As part of an example of what NASA imaging technology can do, mosey on over to this nifty applet on Sports Illustrated’s Website. The image — a composite of 124 frames shot over 10 minutes — shows just how detailed GigaPan technology can be. If you were at the Yankees-Red Sox game on July 4th, odds are pretty good that you can find yourself, in high res, in that photo. Oddly, because of the time lapse, Matsuzaka is just finishing up a pitch while A-Rod has stepped out of the box. (Hat tip to Bryan Hoch.) · (18) ·
Perhaps the best news of the month is the current seven-game slide of the Tampa Bay Rays. They looked unstoppable a month ago, but now seem to be regressing to the mean. That’s not to say they’re not a good team. They certainly are. And they’d be a lot better if Carl Crawford was hitting as he has in recent years. Given current indications, though, we could see the Rays drop off a bit in the second half, much to the delight of the Yankees.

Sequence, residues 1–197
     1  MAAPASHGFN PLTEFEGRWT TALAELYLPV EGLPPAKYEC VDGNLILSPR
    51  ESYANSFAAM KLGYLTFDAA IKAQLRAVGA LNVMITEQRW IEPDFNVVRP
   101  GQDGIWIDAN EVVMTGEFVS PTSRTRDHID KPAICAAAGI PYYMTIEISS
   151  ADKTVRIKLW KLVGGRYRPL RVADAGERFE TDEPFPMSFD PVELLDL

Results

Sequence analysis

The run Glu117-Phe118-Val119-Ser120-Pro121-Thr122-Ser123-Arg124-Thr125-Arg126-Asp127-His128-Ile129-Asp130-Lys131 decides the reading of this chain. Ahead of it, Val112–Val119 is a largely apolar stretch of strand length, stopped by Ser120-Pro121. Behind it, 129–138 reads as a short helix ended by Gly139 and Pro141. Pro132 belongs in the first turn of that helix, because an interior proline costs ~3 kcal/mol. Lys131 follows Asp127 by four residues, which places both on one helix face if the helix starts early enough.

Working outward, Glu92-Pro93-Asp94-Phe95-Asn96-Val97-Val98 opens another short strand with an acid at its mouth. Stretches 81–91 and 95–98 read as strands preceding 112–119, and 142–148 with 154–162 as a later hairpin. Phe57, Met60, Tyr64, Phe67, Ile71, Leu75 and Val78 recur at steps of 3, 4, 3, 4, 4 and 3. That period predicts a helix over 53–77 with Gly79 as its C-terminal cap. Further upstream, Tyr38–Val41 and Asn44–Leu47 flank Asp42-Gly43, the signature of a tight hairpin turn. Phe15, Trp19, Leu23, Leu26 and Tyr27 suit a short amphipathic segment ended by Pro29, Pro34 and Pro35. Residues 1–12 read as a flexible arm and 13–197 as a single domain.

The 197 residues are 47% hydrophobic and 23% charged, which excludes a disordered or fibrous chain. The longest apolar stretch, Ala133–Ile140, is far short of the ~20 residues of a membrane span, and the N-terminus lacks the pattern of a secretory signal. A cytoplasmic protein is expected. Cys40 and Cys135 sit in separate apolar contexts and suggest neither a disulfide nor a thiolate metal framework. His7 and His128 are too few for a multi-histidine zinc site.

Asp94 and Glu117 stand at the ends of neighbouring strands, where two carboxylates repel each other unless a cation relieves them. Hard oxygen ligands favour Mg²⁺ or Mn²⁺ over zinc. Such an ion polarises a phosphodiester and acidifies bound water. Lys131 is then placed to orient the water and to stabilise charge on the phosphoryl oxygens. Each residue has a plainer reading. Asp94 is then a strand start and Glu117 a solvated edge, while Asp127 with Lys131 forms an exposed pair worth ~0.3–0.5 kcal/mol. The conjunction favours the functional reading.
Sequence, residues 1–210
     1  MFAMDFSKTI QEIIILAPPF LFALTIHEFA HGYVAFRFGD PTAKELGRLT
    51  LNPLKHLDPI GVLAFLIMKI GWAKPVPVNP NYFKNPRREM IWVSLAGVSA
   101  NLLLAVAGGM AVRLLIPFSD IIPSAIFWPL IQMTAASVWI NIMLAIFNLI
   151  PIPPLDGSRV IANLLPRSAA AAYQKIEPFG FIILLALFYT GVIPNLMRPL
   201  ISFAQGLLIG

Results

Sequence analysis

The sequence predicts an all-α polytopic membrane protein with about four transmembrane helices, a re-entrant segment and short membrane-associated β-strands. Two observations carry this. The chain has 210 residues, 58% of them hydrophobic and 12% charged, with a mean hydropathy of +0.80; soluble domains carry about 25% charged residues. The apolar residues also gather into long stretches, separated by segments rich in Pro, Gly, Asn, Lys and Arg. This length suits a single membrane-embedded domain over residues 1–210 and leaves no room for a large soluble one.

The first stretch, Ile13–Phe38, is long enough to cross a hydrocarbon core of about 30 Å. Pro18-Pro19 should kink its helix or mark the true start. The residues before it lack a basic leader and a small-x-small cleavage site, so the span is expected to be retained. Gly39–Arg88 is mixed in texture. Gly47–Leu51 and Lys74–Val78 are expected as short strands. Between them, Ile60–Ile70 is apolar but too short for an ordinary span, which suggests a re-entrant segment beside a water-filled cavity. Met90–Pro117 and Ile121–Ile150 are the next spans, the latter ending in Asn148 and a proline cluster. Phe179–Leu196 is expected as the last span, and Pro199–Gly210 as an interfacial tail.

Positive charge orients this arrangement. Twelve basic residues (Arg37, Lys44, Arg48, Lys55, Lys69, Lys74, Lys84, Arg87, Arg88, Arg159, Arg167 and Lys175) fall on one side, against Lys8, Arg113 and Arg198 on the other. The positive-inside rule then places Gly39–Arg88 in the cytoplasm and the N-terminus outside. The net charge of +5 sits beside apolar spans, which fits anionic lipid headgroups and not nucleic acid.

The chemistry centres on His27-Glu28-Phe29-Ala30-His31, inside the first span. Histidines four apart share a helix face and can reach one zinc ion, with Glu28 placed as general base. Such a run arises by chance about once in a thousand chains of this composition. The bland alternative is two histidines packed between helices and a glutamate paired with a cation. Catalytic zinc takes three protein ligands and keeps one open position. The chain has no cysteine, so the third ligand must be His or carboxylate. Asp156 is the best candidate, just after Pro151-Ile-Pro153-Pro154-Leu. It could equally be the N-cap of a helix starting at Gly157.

The key to Tampa Bay’s second half is their home/road discrepancy. They currently hold a 36-14 record at home, and a 19-25 mark on the road. The significant part of that is the number of games they’ve played with each: 50 at home, and just 44 on the road. So they have 31 games left at home, and 37 on the road. If they continue to play sub-.500 ball away from the Trop and can’t keep up the torrid pace at home, they could quickly fall out of the Wild Card race.
Then again, this is an instance where past performance might not be the best indicator of future results. If Tampa Bay can get their overall road record back to .500, they could negate any kind of drop-off in play at home. Still, to know that they have more road games in the second half is a bit reassuring.